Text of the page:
Qualcomm is updating what used to be its Snapdragon 600 and Snapdragon 400 series in preparation for 2023. These new Snapdragon 6 Gen 1 and Snapdragon 4 Gen 1 chips are destined to power mid-range and entry-level smartphones, respectively.

It is a “generational” architecture upgrade, and both the logic and the manufacturing have vastly improved, along with performance and power efficiency, especially for Snapdragon 6 Gen 1.

Snapdragon 6 Gen 1

This chip is manufactured with a 4nm semiconductor process, although it’s not clear if Samsung or TSMC is the foundry behind it. Qualcomm has pursued a diversification strategy of its supply chain so that it could be either, but we don’t know for now. For now, the momentum is shifting towards TSMC, however.

Qualcomm has doubled the number of high-performance A78 CPU cores, so you should expect much higher peak CPU performance. The company talks about a 40% improvement, which is very significant.

In turn, the number of power-efficiency cores has gone from 6 to 4, but we’re waging that the change will not have a sizeable impact on battery life because the four cores should be able to handle background and minute tasks with ease.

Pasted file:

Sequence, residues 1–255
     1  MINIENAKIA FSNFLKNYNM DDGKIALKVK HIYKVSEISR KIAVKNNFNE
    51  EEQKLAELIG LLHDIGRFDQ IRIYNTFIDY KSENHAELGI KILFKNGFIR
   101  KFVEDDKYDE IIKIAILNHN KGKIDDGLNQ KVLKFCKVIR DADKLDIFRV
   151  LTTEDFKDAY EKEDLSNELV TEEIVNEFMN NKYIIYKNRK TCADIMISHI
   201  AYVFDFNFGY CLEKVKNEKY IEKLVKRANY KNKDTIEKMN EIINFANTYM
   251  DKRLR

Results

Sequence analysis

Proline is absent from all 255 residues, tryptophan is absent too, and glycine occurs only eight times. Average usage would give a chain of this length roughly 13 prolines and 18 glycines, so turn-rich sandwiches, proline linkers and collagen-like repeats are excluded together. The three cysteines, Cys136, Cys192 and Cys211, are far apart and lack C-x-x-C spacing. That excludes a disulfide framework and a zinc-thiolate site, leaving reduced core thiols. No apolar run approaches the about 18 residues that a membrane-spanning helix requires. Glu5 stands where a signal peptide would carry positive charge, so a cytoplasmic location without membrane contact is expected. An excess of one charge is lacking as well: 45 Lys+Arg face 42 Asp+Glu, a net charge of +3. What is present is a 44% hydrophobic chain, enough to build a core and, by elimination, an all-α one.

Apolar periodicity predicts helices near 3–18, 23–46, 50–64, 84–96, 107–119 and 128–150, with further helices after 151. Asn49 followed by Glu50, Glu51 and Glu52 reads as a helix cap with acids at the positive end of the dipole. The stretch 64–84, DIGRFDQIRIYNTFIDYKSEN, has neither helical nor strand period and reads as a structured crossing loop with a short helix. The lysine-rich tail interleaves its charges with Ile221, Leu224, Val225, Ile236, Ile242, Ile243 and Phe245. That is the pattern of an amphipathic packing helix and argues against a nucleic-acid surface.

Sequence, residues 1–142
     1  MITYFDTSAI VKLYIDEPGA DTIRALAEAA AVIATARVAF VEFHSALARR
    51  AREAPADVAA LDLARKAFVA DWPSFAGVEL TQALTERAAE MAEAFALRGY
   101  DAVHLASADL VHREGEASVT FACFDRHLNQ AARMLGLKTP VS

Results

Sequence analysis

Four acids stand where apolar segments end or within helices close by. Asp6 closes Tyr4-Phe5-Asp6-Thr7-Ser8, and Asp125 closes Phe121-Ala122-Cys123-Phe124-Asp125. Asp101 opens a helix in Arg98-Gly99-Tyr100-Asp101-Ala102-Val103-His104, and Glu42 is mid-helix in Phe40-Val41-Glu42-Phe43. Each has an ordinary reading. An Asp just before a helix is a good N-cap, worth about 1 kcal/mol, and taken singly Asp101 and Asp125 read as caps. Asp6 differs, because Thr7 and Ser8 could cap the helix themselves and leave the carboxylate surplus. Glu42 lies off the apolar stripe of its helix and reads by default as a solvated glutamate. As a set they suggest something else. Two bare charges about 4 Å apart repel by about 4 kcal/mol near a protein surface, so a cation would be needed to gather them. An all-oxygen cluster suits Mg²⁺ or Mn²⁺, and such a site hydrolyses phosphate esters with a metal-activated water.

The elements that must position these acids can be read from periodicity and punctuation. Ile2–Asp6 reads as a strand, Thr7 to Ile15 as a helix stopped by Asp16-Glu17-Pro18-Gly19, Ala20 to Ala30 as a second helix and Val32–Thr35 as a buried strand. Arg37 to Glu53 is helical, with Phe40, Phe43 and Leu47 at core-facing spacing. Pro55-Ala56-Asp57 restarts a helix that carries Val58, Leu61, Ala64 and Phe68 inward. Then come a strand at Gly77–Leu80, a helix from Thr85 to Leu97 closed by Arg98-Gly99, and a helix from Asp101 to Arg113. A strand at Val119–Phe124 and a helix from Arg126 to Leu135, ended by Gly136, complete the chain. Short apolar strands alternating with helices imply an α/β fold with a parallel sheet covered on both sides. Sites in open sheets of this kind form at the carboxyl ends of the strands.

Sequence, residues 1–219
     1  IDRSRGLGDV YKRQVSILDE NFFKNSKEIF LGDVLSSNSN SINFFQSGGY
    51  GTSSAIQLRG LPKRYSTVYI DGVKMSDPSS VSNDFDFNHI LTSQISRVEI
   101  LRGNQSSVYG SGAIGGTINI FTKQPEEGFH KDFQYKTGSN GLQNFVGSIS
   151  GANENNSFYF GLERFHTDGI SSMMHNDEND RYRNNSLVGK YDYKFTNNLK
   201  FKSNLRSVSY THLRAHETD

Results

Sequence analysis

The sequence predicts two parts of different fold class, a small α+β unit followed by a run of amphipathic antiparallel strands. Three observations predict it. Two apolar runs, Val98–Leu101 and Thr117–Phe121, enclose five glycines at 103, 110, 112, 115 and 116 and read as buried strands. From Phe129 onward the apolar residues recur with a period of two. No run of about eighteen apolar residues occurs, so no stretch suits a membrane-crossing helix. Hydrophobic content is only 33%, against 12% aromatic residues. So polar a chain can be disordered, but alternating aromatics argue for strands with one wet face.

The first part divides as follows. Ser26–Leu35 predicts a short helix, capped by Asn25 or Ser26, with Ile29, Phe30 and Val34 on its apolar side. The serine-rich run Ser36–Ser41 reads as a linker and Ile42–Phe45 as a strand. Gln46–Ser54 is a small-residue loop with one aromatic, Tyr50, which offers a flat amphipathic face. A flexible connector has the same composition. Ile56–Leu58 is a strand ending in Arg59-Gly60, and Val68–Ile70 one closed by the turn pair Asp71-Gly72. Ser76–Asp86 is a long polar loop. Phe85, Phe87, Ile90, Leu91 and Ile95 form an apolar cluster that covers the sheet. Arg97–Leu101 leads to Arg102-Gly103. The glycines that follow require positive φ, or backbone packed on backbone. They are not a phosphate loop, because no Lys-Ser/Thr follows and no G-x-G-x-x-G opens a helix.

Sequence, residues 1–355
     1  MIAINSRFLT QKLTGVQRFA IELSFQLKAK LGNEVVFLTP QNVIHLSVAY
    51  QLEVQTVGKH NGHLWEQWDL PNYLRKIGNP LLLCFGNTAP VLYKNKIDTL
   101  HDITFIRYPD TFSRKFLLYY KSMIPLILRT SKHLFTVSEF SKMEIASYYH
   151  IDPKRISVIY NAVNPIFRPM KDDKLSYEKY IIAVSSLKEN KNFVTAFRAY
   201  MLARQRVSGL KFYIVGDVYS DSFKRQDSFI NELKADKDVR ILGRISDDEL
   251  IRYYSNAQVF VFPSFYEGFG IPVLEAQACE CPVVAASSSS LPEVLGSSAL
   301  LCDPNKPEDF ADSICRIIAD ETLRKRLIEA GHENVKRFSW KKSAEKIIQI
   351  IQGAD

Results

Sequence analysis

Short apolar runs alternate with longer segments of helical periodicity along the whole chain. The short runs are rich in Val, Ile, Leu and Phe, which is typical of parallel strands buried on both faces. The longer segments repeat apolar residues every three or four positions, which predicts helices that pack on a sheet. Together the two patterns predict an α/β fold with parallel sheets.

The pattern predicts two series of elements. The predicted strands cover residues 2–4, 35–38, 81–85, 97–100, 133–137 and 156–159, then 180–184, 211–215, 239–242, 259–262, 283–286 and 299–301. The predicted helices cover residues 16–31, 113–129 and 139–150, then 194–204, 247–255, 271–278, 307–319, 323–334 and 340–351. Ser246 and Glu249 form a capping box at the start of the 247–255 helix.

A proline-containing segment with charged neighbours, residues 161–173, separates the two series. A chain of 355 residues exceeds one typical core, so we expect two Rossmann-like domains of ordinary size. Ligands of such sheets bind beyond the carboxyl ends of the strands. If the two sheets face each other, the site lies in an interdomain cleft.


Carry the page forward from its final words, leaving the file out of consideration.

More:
A 35% graphics performance is also in the cards, but the details on the GPU are few. It seems to be a cost-reduced derivative of the latest graphics architecture, but more technical information might be available later.

Qualcomm upgraded the integrated modem to the Qualcomm X62 (from the X51), which offers many features in the more expensive X65 modem. However, its carrier-aggregation performance is slightly lower, probably to reduce cost.

The Snapdragon 6 Gen 1’s Spectra image processor (ISP) now supports 4K/30 HDR video, which was not previously available in that market.

Snapdragon 4 Gen 1

The Snapdragon 4 Gen 1 succeeds the Snapdragon 480 and brings more modest performance improvements. Qualcomm mentions +15% in CPU speed and 10% in graphics performance. Most of the CPU speed boost probably is due to upgrading to an A78 core design (the A76), as the RAM bandwidth is identical.

Again, there are few details on the graphics architecture, not even the frequencies. The only hint that it is a new architecture is the presence of VRS (Variable Rate Shading), which we explained in our Snapdragon 8 Gen 1 overview.

This hardware platform is manufactured using a 6nm semiconductor process from TSCM, which is significantly smaller than the previous 8nm process at Samsung Semiconductors. As usual, this will help the cost-efficiency of these chips, giving Qualcomm more pricing flexibility.

The wireless specs haven’t changed much, but it is still a 5G chip, and Bluetooth has gone to 5.2 from 5.1 previously.

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